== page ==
Mozart from Raffaele Trevisani
After completing my comprehensive survey of Mozart's Flute Quartets earlier this year, I've been listening to a few recordings of his Flute Concertos lately. I rediscovered how much I enjoyed Patrick Gallois's 2002 Naxos recording of all three [#1 in G, #2 in D and the Double with Harp]. (See my review elsewhere on this blog.) His Mozart is uniquely fresh and filled with originality and spontaneity. I wish he had recorded the Quartets.
A flutist who has is Raffaele Trevisani (2015 Delos). His recording made it to the "Good" category in my survey, but would have been much higher had it not been spoiled by being performed in an enormous, empty church, in which the Delos engineers failed to control the wildly over-reverberant acoustic. Such a pity.
I've since discovered Trevisani's 1998 recording of the three Concertos for Hanssler Classics (reissued on a 2005 budget CD). He has a glorious, uplifting feel for Mozart, amply displayed in both his Mozart recordings. There is a stylish freshness, with alert tempos and crisp articulation, plus an infectious sense of joy. However, in the Concertos, recorded nearly 20 years before the Quartets, Trevisani was intent upon showing off his "Galway Sound". Yes, he was a Galway protege, and yes, he sounds just like him. He even tends to honk his low notes just like Galway loves to do. Unfortunately, in 1998 Trevisani couldn't (wouldn't) contain that mega vibrato that comes with that golden tone. And it permeates every note, every phrase, every where. It's not all bad; it does add a delicious golden glow to his playing in the Allegros. But the problem is that he doesn't tone it down for the slow movements. Quite the contrary; he actually seems to turn up the power of it, and it mercilessly weighs down the music with an overbearing, unrelenting intensity. His sound is positively voluptuous, which is just too much for Mozart. Fortunately, by 2015, he had lightened up a bit, eased up on the vibrato a notch, and his playing is quite lovely in the Quartets. He still sounds like Galway, but in a more appropriate way for Mozart.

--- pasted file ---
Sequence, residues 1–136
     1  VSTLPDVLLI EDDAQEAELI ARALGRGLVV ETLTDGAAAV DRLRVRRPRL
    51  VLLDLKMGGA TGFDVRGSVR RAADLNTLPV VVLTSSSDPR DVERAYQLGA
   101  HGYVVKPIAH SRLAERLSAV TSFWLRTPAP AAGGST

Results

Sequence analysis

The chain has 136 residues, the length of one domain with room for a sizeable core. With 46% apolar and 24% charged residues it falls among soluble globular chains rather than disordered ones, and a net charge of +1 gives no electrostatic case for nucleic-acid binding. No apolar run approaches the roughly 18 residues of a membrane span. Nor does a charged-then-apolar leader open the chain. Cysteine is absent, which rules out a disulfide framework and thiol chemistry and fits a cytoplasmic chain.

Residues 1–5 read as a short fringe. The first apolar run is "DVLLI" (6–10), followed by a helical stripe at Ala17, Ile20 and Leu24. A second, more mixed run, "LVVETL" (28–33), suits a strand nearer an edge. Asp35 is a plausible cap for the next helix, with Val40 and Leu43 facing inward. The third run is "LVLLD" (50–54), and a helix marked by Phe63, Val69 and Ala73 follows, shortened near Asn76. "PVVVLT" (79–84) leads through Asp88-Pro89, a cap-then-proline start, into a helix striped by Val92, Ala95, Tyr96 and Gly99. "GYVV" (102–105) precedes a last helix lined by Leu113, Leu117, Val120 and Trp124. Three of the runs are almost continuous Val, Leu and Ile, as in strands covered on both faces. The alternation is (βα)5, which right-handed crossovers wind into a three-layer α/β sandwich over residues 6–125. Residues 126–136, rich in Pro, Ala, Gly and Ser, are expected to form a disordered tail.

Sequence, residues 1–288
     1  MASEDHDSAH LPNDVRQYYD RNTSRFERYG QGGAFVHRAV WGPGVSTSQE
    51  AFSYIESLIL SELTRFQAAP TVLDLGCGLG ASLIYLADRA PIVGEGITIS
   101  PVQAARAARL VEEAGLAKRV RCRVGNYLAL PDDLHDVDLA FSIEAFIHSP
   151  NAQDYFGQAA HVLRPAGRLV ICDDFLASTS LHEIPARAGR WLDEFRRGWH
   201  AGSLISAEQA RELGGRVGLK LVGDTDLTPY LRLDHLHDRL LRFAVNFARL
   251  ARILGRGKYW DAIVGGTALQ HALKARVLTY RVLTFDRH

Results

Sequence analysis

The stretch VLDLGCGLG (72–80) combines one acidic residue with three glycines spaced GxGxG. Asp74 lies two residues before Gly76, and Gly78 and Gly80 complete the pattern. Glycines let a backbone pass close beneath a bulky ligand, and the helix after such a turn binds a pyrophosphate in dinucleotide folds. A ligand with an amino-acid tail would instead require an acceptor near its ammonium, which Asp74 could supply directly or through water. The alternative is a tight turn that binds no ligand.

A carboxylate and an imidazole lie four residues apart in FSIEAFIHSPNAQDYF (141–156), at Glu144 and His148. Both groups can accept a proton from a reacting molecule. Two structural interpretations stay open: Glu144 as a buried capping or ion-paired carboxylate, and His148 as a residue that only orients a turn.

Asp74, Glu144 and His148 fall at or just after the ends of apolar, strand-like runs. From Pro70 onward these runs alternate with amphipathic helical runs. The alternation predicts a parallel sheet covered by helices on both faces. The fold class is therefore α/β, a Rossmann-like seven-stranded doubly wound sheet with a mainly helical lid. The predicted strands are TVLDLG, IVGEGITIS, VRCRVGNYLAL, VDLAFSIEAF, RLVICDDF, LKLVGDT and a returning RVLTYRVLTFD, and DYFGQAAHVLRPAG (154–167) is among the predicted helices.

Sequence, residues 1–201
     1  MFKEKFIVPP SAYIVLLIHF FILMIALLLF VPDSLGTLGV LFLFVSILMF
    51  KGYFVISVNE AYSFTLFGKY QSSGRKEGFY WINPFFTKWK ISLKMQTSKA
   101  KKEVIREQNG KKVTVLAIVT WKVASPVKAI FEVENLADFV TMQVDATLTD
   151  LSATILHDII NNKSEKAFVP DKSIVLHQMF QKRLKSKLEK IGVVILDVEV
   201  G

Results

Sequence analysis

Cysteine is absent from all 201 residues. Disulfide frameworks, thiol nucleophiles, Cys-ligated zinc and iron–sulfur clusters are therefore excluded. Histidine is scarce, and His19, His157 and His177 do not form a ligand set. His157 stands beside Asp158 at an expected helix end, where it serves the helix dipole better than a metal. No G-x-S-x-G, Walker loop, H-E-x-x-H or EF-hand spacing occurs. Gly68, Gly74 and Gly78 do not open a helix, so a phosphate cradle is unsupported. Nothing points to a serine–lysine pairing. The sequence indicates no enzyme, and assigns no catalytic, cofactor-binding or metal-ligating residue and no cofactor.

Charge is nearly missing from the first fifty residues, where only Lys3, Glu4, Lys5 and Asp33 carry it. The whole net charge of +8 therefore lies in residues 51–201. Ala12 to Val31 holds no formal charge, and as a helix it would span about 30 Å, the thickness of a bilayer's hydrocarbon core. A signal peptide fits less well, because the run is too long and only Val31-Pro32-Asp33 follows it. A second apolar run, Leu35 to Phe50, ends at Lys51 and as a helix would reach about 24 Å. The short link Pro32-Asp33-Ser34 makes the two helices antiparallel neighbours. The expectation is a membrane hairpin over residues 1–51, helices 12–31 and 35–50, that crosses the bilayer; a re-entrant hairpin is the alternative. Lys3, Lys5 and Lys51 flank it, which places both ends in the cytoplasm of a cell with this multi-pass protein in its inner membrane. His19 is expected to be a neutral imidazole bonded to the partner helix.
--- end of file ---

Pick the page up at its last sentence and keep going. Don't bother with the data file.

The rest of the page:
Trevisani is a fabulous player and the fast movements of the Concertos are delightful. Significantly, he plays cadenzas which are substantially different from the norm (composed by Edwin Roxburgh [G major]; Johannes Donjon [D major]; and Karl Hermann Pillney [Double]). And how enjoyable they are.
The recorded sound is excellent, as is the alert, crisp orchestral support under the direction of Patrick Strub. The 2005 budget reissue (which I have) is a bare-bones affair, attractive enough, the booklet containing nothing more than a simple track listing and recording details.
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